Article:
5. 5.
    W. Horbury, A Critical Examination of the Toldoth Jeshu (Ph.D. Cambridge 1971); S. Krauss, The Jewish-Christian Controversy from the Earliest Times to 1789, =revised edition by W. Horbury, in Texte und Studien zum Antiken Judentum 56 (1996) section iii (The Jewish Polemists of the Middle Ages) 201–261; idem, Jews and Christians in Contact and Controversy (Edinburgh 1998); idem, ‘Hebrew apologetic and polemical literature’, in N. de Lange, ed., Hebrew Scholarship and the Medieval World (Cambridge 2001) 189–209.Google Scholar
  6. 6.
    In Hebrew, parsah — ‘parasang’, ‘mile’. In Toldot Yeshu these words are attributed to John: ‘If a Jew orders one of you to go for him on a message, say to him: “I am ready to go many miles!”’Google Scholar
  7. 7.
    Literally in Hebrew: she-yokhlu skharam ba-’olam ha-zeh.Google Scholar
  8. 8.
    Matt. 5:39. This saying is also attributed to John in Toldot Yeshu: ‘If a Jew hits you on one cheek, turn to him the other cheek so that he will hit you again!’Google Scholar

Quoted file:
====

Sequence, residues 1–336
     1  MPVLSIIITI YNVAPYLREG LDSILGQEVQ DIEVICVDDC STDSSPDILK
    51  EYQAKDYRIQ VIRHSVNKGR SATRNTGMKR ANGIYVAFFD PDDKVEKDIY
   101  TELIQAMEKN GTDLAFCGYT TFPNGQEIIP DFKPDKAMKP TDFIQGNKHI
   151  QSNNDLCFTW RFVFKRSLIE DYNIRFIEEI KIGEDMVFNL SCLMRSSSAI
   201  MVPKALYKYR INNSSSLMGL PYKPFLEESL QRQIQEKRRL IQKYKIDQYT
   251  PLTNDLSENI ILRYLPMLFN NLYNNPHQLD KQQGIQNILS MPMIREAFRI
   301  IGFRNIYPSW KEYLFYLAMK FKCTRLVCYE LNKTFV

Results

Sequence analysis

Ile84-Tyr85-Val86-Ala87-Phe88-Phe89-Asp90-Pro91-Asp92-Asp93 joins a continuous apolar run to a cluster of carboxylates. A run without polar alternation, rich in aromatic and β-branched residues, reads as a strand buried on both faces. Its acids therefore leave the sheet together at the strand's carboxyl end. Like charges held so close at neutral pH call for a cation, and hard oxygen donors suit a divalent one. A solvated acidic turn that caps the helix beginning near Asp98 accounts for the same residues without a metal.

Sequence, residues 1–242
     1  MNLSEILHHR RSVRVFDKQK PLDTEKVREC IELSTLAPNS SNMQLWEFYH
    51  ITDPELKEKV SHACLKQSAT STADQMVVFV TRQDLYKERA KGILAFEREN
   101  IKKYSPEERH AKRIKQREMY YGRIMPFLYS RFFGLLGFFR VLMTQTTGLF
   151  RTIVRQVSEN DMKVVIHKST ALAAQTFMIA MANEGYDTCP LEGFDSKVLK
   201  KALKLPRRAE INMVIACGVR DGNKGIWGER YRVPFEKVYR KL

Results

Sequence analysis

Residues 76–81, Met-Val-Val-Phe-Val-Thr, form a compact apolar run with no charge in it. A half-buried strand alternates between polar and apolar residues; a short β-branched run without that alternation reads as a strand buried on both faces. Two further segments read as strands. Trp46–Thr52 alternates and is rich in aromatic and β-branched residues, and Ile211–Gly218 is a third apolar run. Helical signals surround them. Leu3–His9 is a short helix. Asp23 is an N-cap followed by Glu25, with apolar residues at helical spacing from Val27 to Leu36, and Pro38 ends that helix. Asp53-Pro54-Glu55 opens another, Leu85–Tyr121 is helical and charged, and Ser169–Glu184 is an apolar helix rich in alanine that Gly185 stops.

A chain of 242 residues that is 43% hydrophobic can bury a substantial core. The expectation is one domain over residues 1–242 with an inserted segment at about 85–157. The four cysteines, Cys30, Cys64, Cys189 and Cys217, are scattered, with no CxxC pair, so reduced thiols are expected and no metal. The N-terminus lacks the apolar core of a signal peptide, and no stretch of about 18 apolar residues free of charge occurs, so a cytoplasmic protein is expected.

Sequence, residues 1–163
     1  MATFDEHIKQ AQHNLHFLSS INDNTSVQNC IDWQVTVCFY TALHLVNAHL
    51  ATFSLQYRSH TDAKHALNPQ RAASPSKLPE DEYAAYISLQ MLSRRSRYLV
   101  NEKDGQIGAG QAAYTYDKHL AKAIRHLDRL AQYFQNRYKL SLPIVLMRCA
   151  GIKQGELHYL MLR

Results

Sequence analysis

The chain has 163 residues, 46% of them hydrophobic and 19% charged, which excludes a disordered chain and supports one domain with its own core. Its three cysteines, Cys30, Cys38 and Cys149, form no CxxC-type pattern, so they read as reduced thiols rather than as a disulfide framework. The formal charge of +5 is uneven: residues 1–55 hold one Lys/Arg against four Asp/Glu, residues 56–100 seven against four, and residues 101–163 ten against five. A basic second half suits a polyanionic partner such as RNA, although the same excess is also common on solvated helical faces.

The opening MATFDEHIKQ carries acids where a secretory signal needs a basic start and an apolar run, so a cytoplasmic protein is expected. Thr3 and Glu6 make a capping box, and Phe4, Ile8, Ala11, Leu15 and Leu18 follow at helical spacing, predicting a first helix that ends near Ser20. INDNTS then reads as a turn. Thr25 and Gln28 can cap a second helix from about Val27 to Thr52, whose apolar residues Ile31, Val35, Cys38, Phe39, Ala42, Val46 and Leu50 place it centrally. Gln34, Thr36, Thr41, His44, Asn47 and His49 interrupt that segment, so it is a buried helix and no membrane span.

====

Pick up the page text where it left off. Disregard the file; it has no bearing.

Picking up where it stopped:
9. 13.
  10. 14.
    Note the peculiar combination of the names, a combination of Rabbi Abba Saul (late first century and third generation of Tannaites, a contemporary of Rabban Simeon ben Gamaliel II) and the name of the apostle Paul who was formerly called Saul (Acts 13:9).Google Scholar
  11. 15.
    Ezek. 20:25.Google Scholar
  12. 16.
    In Hebrew: pitteram–‘he exempted them’; J.K. Elliott, ‘Kephas, Simon Petros, ho Petros, An Examination of New Testament Usage’, Novum Testamentum 14 (1972) 241–256.Google Scholar
  13. 17.
    These are generic terms for the hymns inserted into the benedictions of the Shema and the Amidah. Kalir is Eleazar birabbi Qillir, the greatest composer within the classical Palestinian school of Piyyut, cf. L.J. Weinberger, Jewish Hymnography, A Literary History (London 1998) 42–49.Google Scholar